Well, this one hurts.
Ross Pierschbacher, the four-star offensive linemen ranked by recruitniks as the best player in the state of Iowa and, at least by ESPN, as the nation's best offensive guard prospect, revoked his verbal commitment to Iowa Sunday and announced he'll join the Alabama Crimson Tide. According Blair Sanderson at Hawkeye Report, Pierschbacher sent an email to various recruiting services Sunday evening:
"The past few weeks there has been speculation of my commitment to the University of Iowa Football program. I would like to end the speculation as I prepare to enter my senior season so that I may focus my attention to my team." "I would like to thank Coach Ferentz, his coaching staff, and the University of Iowa for the offer to be part of Hawkeye Football. They have a great tradition, outstanding people and a top notch program." "After considering many different options and things important to me, my family, and my future career, I am excited to announce that I have decided to play my collegiate career for Coach Saban and The University of Alabama." "This has been a very humbling experience and I would like to thank everyone that has helped me along the way."
Sanderson also says that Pierschbacher has twice made the call to Iowa to let them know he was decommitting, but was talked out of it by the Iowa staff. They weren't so lucky the third time.
Pierschbacher's decommitment isn't necessarily horrible in a pure recruiting context. Iowa has struck out far more than they've succeeded with four-star offensive linemen in the past. Stretching back to five-star lineman Blake Larsen, and going through Chris Felder, Dan Doering, Dace Richardson, and now with Andrew Donnal, Ferentz has watched coveted line prospects flame out (in that same time, only Mike Jones and Bulaga have been unquestioned successes, while Raf Eubanks had a decent career). Iowa's had no trouble bringing in their typical handful of three-star in-state linemen for 2014. The world will not end.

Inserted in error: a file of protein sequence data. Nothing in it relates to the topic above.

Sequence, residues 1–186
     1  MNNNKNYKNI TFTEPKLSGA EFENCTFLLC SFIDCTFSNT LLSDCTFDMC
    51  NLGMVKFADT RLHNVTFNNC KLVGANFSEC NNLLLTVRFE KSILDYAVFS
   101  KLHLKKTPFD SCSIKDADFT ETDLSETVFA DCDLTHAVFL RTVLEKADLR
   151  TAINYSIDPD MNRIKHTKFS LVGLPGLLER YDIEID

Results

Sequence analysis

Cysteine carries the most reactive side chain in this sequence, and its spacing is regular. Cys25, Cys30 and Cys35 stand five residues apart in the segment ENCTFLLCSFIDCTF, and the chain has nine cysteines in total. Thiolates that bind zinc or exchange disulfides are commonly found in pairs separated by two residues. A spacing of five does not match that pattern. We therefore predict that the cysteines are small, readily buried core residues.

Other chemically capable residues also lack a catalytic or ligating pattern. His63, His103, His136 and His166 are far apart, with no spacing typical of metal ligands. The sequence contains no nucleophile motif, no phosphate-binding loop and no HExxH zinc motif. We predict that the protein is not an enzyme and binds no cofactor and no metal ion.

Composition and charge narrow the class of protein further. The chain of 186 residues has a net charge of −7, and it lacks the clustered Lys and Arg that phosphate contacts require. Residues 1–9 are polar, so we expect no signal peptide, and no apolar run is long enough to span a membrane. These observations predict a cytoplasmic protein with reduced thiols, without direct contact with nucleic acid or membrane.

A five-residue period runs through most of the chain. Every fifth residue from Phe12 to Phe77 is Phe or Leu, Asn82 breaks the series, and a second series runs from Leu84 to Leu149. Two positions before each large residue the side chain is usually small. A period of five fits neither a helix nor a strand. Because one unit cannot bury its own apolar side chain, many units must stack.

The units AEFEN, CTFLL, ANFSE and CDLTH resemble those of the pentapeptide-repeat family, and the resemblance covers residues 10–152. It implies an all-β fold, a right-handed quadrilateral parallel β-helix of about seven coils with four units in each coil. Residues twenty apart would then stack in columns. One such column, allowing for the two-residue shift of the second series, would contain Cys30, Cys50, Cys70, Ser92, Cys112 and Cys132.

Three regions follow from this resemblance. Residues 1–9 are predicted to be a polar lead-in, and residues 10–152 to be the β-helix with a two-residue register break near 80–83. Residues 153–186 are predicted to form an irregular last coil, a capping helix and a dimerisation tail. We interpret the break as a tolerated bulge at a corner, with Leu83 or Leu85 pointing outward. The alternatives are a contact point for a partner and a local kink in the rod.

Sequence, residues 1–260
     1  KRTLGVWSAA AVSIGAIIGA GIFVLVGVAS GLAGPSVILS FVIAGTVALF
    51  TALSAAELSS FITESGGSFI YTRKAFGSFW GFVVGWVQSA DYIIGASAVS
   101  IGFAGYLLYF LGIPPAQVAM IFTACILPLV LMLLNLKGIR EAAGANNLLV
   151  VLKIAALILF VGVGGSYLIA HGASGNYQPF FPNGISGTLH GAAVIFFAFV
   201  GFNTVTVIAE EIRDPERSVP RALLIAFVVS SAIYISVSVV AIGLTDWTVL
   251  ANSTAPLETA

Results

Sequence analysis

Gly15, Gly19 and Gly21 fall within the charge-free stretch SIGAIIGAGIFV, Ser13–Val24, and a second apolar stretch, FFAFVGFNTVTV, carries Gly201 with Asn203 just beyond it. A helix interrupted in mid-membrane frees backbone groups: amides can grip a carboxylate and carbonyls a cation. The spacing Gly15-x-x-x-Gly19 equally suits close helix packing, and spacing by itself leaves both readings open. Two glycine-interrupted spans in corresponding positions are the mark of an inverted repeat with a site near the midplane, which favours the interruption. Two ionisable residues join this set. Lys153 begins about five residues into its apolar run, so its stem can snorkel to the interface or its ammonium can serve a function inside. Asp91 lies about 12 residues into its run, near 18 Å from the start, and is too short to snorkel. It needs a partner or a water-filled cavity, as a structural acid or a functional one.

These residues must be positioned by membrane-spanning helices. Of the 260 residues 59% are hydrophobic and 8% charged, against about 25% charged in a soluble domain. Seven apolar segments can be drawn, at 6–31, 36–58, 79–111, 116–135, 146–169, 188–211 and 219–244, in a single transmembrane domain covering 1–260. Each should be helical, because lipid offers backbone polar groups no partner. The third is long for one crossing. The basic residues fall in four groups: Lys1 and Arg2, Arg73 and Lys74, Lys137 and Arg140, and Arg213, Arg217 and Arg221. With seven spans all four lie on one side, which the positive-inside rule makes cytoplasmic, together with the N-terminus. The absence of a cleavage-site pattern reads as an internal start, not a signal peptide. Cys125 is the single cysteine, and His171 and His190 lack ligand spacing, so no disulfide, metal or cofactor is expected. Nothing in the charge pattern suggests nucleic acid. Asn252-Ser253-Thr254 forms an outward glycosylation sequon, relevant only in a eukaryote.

For program perception, though, this is catastrophic. This marks the third time in eleven months that Iowa has lost a four-star verbal commitment to another program. The first two, David Kenney and Delano Hill, were out-of-state recruits who eventually chose to stay closer to home. Kenney, an Indianapolis native, had the added incentive of a father who was hired onto Indiana's staff. Hill jumped at a late offer from Michigan. Those hurt, but at least they were explainable.
Pierschbacher's defection, on the other hand, is a reflection on the current sad state of the program. Here's an in-state kid, a self-professed lifelong Iowa fan, playing at a position that is Ferentz's calling card. Four or five years at Iowa turned more than a few offensive linemen -- Gallery, Steinbach, Nelson, Yanda, Bulaga, Reiff -- into early draft picks with long pro careers. A glossy new football practice facility is in progress. Tuscaloosa is quite literally ten times as far from Cedar Falls as Iowa City. Nick Saban does not run an offense particularly distinct from that of Iowa; both programs exemplify a steadfast commitment to pro-style, run-first offensive strategy.
The only thing in Saban's favor is that his offense actually scores points, that his team wins SEC titles and national championships while Iowa yearns for the halcyon days of Florida bowl games. Iowa is ahead of or even with Alabama in every factor that could be relevant to Pierschbacher's decision except for winning, and when the odds of Iowa winning are so remote in the minds of top recruits that they trump literally every other factor, you've lost the war. Pierschbacher's decommitment is not just about 4-8. It's about just how far from 8-4 we really are.